I, like many resolutionaries out there, am on a clean-eating regimen to kick off the new year. And like everyone else with a resolution – or three – I will be vigilant for a solid two weeks before I slowly start to taper off and end up feeling depressed about my lack of resolve. So rather than subject myself to some overly-ambitious, extreme plan that’s bound to fail, how about taking small steps every day?
Whether or not you’re on a budget, coconut oil is one of those super ingredients that should always be stocked in your kitchen – and in your vanity. We’re going through a serious “fat does not make you fat” moment in nutrition, which is at the basis of this trend since coconut oil is rich lauric acid, a fatty acid (while it’s a saturated fat – aka the “bad” fat – it’s metabolized faster in the body than those found from animal sources). The same fatty properties that make it a healthful dietary addition also make it a near cure-all for beauty woes, along with the fact that it’s an anti-microbial, anti-fungal, and anti-bacterial. Make sure, however, that you’re spending the few extra dollars to get raw, organic, virgin coconut oil.
If there’s one look that never gets old, it’s the healthy glow. Of course it’s best if that comes naturally, but it’s approaching the dead of winter and most of us are already pale as ghosts (I’ve been spending a great deal of time in Tel Aviv and without makeup, still look like a dead woman walking!). I swear by Clé de Peau Beauté Luminizing Face Enhancericon and Tom Ford Illuminating Primericon for enhancing my own complexion. If there are two products to splurge on consistently, these would be the two in my opinion, and I’ve found both to be universally flattering and effective. This natural beach beauty/soft ethereal glow look is always popular on the runways, and Spring 2016 was no exception, so I turned to Bluemercury district manager Emma Bruzzesi to get some more insight on how to elevate us all from “dead woman walking” status.
While I’m still drooling over Jennifer Lawrence and Jennifer Lopez’s dresses, it will likely be a while before I have occasion to wear a floor-length Dior. The night’s beauty trends, on the other hand, are ones we can incorporate into our routines today. Here’s a look at four of the standouts!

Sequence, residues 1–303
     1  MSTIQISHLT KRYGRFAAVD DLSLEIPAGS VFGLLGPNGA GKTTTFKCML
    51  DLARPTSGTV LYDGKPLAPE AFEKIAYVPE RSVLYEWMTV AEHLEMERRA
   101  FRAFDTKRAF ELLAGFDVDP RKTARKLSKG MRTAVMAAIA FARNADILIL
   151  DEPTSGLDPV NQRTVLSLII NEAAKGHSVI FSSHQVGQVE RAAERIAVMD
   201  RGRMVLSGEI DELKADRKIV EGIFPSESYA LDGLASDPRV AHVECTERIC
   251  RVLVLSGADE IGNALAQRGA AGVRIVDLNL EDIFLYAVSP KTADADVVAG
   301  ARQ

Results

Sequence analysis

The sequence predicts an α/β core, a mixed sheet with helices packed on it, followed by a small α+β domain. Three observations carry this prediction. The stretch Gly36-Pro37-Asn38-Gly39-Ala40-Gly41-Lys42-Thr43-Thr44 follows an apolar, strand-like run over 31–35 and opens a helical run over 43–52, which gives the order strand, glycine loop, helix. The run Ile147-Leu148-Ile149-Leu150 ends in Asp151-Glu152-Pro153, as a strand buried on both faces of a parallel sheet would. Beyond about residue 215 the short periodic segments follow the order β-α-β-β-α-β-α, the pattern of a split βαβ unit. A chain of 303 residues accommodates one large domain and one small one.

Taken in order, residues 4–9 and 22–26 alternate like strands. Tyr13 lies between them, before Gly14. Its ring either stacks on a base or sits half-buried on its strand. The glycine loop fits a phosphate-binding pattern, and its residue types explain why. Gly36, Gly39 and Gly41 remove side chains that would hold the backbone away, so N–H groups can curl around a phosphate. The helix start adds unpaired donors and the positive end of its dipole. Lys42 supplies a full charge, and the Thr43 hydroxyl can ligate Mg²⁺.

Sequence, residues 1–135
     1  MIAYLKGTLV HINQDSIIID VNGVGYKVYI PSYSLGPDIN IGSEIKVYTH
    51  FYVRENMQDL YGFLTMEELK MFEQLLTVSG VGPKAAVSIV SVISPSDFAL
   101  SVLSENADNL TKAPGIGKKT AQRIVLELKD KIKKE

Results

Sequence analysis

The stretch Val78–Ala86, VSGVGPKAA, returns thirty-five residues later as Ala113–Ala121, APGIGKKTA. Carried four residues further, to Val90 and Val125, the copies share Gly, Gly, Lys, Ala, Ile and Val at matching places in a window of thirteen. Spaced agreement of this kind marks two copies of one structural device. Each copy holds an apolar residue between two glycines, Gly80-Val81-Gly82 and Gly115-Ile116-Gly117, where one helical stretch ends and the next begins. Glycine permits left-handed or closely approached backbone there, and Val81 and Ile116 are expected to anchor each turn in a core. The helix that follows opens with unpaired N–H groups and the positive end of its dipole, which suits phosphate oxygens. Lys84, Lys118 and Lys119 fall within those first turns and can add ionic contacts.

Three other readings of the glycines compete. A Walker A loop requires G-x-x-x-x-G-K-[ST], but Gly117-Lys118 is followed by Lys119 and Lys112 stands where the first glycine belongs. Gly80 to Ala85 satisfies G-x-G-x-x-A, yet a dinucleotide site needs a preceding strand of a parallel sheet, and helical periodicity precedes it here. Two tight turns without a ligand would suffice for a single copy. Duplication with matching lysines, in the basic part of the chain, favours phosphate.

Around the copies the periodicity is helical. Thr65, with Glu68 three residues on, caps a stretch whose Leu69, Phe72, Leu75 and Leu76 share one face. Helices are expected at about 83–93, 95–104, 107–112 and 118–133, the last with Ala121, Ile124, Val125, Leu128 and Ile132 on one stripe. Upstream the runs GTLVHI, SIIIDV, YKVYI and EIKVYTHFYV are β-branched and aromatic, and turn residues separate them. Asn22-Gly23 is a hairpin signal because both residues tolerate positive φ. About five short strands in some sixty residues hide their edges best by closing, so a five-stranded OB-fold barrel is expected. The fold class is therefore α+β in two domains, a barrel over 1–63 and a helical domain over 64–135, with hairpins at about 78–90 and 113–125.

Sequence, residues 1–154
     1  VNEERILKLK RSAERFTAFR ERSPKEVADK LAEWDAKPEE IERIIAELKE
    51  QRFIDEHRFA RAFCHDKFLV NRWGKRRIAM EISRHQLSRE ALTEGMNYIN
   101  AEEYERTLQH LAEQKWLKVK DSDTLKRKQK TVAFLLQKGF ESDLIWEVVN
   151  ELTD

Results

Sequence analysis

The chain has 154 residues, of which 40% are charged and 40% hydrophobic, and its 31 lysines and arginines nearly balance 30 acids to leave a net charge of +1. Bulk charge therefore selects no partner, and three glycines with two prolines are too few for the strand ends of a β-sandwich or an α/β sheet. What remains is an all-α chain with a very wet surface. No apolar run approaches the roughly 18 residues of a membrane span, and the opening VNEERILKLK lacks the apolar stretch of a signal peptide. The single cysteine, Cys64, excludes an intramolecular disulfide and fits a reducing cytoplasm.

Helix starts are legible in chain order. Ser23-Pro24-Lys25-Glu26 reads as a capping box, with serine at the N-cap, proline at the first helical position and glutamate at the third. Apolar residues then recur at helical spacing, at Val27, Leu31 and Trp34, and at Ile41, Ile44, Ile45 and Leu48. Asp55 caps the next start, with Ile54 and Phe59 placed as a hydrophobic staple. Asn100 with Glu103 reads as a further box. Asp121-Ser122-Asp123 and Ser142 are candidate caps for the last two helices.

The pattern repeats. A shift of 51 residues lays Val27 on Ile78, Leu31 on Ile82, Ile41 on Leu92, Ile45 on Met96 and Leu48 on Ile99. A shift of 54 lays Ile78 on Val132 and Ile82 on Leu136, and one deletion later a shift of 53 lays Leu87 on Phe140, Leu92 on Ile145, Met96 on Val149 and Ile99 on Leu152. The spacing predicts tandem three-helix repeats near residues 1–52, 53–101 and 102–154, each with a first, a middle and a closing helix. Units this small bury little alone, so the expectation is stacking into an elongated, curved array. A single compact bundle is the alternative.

Oil-based products have taken over the beauty world in recent years, and yet some Snobs still aren’t convinced of the virtues of fighting bad oils with good ones. Well, if anyone’s going to change your mind, it’s luxury purveyor and all-around beautiful man Tom Ford.
There’s been so much buzz lately about Rose Quartz and Serenity, Pantone’s Colors of the Year and for good reason, as they’re certainly going to have a great influence on fashion, beauty, home and other lifestyle trends in the coming months. In fact, they’re even likely to affect hair color trends.
If I can dish one bit of beauty advice, it’s NEVER get your brows tinted. And definitely NEVER get them bleached. About two years ago after getting my hair colored, I asked the colorist at Oscar Blandi to lighten my brows – biggest mistake ever. They turned orange within a few hours, and I’ve been dealing with the repercussions ever since.
As someone who has very pale and sensitive skin, I would never go crazy with a DIY face mask. I stick with tried-and-true, natural ingredients like coconut oil (a great skin softener…side note: you can also use it to remove eye makeup!), egg (this helps fight sagging skin), honey (it has antibacterial properties, making it a good acne fighter), lemon juice (a natural astringent), and avocado (this boosts moisture). Come fall, pumpkin is also worth adding into the mix since it’s full of antioxidants and vitamins that help prevent wrinkles. Not only are these masks quick to whip up – and odds are they won’t even entail a trip to the supermarket – but they’re cheap and free of synthetic ingredients and chemicals. A simple face mask is likely to be less irritating than most commercial products. Here’s a look at some easy recipes to try now!
With little to no regulation in this country, many big food companies label their products as “healthy” and “natural,” leading people to think what they’re consuming is healthy when it’s anything but. Remember, if it sounds too good to be true, it probably is! Just because your Oreo-like cookie is organic doesn’t make it a health food. To find out more, I turned to senior registered dietitian at Selvera Wellness, Amanda Foti, and asked her to bust what she considers to be the most common healthy food myths.